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Interrogating the ‘Democratic Coup’ Thesis: The Limits of International Democratic Enforcement

Comparative Politics
Democratisation
International Relations
Oisin Tansey
Kings College London
Alexander Schmotz
WZB Berlin Social Science Center
Oisin Tansey
Kings College London

Abstract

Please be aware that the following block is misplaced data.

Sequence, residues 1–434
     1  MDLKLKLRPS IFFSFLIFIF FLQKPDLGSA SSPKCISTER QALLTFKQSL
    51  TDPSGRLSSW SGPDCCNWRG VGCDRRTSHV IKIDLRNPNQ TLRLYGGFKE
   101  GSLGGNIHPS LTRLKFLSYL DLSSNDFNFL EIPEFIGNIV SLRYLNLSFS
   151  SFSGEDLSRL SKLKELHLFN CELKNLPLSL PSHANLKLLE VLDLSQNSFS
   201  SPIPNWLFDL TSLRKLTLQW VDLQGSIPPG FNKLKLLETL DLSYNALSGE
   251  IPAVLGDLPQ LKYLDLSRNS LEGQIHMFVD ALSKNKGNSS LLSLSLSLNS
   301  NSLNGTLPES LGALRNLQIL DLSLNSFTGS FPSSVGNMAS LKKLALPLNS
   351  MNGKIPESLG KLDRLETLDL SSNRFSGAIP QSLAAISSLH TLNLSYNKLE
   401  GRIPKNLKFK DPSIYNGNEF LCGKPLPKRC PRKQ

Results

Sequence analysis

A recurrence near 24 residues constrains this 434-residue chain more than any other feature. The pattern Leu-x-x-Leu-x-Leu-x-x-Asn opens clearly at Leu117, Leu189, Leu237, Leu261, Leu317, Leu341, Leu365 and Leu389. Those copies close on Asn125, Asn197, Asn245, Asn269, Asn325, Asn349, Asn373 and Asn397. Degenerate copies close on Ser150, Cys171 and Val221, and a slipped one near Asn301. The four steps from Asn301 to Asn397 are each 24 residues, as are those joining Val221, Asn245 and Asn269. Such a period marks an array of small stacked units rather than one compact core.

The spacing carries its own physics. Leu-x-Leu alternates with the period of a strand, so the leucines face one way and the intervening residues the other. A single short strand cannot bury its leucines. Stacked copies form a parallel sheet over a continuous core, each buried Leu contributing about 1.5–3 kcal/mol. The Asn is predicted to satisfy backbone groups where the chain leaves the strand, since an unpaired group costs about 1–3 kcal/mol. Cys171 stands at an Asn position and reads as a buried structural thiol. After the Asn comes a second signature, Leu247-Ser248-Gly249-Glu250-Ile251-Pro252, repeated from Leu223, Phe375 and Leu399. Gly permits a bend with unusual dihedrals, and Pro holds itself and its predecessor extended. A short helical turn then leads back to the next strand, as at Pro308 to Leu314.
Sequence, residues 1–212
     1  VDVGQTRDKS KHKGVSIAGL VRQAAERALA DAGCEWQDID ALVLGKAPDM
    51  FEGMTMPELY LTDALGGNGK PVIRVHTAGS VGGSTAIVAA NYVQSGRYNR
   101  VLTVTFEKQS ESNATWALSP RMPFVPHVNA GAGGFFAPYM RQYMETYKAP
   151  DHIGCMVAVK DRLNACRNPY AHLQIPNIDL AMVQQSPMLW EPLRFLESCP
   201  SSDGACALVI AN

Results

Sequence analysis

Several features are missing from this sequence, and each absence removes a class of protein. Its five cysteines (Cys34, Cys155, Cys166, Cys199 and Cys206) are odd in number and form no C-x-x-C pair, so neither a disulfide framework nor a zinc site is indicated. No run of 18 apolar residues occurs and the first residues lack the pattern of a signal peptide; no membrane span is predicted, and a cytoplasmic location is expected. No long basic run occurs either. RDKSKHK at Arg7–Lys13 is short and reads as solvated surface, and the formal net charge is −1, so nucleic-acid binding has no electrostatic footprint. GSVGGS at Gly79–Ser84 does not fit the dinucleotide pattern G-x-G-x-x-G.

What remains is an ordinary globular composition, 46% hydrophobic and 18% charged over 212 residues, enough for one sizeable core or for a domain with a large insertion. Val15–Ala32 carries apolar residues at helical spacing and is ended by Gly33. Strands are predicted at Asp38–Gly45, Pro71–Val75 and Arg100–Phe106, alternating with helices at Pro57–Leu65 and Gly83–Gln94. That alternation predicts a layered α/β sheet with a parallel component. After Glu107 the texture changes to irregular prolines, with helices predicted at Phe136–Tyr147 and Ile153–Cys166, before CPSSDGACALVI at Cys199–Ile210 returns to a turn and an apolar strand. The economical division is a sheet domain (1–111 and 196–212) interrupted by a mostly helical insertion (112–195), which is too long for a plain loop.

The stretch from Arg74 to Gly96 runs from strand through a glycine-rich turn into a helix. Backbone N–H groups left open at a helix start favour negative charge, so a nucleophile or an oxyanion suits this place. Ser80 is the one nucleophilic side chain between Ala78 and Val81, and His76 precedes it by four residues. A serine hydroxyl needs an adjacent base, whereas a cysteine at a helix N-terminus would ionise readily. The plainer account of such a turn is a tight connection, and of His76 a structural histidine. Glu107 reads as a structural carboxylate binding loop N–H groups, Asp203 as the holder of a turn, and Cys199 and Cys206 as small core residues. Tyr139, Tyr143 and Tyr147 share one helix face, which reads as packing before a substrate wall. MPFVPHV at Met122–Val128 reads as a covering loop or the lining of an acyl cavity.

Recent studies have suggested that in the post-Cold War world, political coups are much more likely to be followed by democratic elections than their Cold War predecessors. Several scholars have suggested that we live in an age of the ‘democratic coup’, and some have attributed this change to the increasing role of international democratic conditionality. Goemans and Marinov, for example, have suggested that aid-dependent developing countries are more likely to experience post-coup elections due to the leverage of Western conditionality. However, scholars have yet to examine the impact of democratic enforcement measures directly. We address this problem by using data on democratic sanctions to evaluate the effects of international democratic conditionality. We find that sanctions do not account for post-coup political trajectories as well as existing theories suggest, and that variation in post-coup outcomes requires attention not only to international forms of punishment, but also channels of autocratic linkage and sources of external sponsorship: where autocratic linkage was low, sanctions did increase the chances of post-coup democratisation; where autocratic linkage was high, they did not.